A case involving a Hall County woman who left her three young children home alone and hungry illustrates the need to revise a state law that protects confidential child welfare records, a local prosecutor said.
Kellie Ann Dorsey pleaded no contest in Hall County State Court this week to three counts of reckless conduct in connection with allegations that she left her children, ages 8, 6 and 2, alone in their Union Church Road home for at least 14 hours Halloween night and the following morning, Hall County Assistant Solicitor Craig Pake said.
Pake said that a pair of door-to-door evangelists discovered the children were home alone late that morning. The children did not know where their mother was, said they were hungry, and asked the couple not to leave them, Pake said.
Authorities were able to confirm that the children had not eaten in some time, Pake said.
Dorsey claimed the children were with a baby sitter when she left about 9 p.m. Halloween night to get some medicine for a friend, but authorities found no evidence to support her story, Pake said.
On Monday, Dorsey, 30, was sentenced by Judge Larry Baldwin to 10 days in jail and required to complete a parenting class. Dorsey had already served the jail time and taken the parenting class prior to her plea.
Hall County Solicitor-General Stephanie Woodard, the county’s chief prosecutor of misdemeanors, said local state Division of Family and Children Services officials opened a case on Dorsey’s family, but she was unable to get access to the records when she requested them from the agency.
"All we had to go on were the facts of this case and that one night," Woodard said.
A state DFCS spokesperson was unavailable for comment Tuesday.
Georgia law protects the confidentiality of certain DFCS records, with several exceptions. District attorneys, who mainly prosecute felonies, are allowed "reasonable access to DFCS records," according to the law. Solicitors are not.
Woodard said it would have been helpful to view the family’s case file in deciding how to handle Dorsey’s criminal case.
"It would help us decide what is the most appropriate disposition," Woodard said. In some cases, making DFCS recommendations part of the court sentence could be an option, she said.
Woodard is pushing for passage of a law sponsored by State Rep. Carl Rogers, R-Gainesville, that was introduced this year but stalled in the Senate Rules Committee. The law would change the wording of the confidentiality exemption to include "district attorneys and solicitors-general" or simply "prosecuting attorneys" as officials who are allowed access to DFCS files.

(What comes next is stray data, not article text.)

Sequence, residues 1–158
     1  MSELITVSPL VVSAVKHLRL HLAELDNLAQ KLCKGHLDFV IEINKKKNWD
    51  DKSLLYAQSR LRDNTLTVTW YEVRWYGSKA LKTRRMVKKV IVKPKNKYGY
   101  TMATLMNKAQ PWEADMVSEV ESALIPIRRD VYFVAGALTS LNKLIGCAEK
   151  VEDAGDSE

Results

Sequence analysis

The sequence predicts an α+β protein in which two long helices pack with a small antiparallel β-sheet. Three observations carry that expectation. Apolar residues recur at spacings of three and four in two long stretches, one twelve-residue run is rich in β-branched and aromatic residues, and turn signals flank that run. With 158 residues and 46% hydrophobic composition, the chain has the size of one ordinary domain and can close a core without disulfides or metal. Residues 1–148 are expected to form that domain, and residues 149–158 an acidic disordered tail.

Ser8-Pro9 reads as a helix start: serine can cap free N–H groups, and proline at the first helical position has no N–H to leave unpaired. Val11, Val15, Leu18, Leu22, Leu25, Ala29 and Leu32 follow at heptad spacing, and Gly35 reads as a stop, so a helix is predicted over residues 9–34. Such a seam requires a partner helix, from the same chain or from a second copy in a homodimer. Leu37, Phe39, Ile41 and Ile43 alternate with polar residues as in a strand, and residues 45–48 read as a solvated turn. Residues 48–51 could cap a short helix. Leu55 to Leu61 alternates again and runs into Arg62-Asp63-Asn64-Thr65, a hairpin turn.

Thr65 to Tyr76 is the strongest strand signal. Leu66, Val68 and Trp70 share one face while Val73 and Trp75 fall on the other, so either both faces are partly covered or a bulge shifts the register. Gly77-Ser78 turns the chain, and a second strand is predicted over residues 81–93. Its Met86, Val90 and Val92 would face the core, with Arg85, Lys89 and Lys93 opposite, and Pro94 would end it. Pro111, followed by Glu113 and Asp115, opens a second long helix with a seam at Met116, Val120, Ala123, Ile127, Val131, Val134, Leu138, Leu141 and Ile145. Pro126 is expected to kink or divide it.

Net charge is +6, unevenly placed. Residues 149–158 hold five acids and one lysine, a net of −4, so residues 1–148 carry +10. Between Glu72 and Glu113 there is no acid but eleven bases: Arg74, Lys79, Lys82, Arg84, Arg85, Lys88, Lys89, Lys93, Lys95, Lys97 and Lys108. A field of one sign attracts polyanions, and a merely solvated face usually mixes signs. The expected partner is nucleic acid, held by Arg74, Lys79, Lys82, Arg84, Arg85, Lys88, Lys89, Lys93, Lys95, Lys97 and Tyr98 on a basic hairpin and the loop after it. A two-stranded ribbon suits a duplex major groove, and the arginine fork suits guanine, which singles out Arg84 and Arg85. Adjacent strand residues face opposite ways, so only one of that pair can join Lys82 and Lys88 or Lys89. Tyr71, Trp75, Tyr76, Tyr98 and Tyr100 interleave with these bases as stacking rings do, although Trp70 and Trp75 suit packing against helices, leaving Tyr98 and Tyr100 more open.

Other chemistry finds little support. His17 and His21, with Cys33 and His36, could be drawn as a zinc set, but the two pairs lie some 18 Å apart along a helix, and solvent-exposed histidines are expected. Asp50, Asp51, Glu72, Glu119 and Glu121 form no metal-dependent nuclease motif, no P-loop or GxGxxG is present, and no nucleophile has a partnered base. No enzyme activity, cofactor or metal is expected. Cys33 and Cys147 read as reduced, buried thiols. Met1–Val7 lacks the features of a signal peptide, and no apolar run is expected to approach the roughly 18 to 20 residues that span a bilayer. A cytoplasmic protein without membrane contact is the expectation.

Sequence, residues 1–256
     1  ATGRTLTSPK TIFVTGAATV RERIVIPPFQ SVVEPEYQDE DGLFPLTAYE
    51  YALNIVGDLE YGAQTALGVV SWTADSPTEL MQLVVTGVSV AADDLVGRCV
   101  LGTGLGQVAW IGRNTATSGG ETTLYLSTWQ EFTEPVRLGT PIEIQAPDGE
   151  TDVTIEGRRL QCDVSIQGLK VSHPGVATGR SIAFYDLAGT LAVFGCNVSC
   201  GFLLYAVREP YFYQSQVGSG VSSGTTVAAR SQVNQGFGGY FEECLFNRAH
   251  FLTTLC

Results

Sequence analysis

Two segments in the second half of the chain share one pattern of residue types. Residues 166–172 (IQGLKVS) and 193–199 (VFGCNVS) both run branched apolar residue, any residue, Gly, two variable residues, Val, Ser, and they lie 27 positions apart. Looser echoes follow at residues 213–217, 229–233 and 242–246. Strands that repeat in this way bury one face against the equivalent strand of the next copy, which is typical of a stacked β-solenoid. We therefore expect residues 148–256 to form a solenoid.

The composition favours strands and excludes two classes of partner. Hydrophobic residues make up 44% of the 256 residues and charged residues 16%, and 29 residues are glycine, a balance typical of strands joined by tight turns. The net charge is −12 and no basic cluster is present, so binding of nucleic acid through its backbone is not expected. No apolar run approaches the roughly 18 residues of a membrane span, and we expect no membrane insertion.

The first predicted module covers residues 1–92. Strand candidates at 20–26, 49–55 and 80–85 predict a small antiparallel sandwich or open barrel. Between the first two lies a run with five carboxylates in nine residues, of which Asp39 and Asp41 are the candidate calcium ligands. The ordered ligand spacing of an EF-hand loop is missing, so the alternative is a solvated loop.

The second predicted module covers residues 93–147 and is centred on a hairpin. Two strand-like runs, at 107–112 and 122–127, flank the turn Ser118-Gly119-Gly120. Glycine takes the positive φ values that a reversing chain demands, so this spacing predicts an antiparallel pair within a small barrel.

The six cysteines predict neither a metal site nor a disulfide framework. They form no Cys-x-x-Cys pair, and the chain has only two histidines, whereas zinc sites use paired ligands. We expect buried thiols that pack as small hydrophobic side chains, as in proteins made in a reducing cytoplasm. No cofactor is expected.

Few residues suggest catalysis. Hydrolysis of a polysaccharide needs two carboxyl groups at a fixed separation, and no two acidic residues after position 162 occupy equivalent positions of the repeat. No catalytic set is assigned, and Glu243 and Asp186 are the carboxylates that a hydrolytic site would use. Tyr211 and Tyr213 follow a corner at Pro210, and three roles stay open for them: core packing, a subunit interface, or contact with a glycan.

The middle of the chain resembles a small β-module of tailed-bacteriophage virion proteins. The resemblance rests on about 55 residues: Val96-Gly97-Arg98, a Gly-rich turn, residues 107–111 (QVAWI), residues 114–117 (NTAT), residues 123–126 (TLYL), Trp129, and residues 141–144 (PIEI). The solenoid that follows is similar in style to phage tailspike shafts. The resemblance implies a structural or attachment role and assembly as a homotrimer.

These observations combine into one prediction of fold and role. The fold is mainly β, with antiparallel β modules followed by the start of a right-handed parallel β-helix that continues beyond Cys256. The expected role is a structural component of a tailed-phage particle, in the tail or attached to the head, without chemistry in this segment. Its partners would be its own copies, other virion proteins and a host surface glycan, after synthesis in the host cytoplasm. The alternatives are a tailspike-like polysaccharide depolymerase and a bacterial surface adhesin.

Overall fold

"It’s clear from the legislative intent that they wanted DFCS and prosecutors to share resources so that kids don’t have to be retraumatized by multiple interviews," Woodard said.
Even if the solicitor wanted to conduct her own investigation into the case, her resources are limited. The office currently has no investigators. And in neglect cases involving children who are not obviously injured, the police investigation "stops with uniform patrol," Woodard said.
Rogers expressed disappointment Tuesday that the change in the law was not made in the last legislative session.
"This issue is very important and more important than some of the other matters we handled this year," Rogers said.
The bill was at the center of a dispute that erupted in the waning days of the legislative session between Rogers and members of the Senate Rules Committee. Rogers accused committee members of killing the bill over a problem they had with him regarding an unrelated transportation issue.
Rogers, during an April 1 speech at the capital, angrily accused the committee of ignoring the plight of children.
State Senate Rule Committee Chairman Don Balfour denied that the bill was killed over politics.
Rogers noted Tuesday that the bill passed the House unanimously and he heard no opposition from DFCS or anyone else to the change in the confidentiality law.
"It should come back up this next year," Rogers said. "It should have passed (this year), but unfortunately it did not."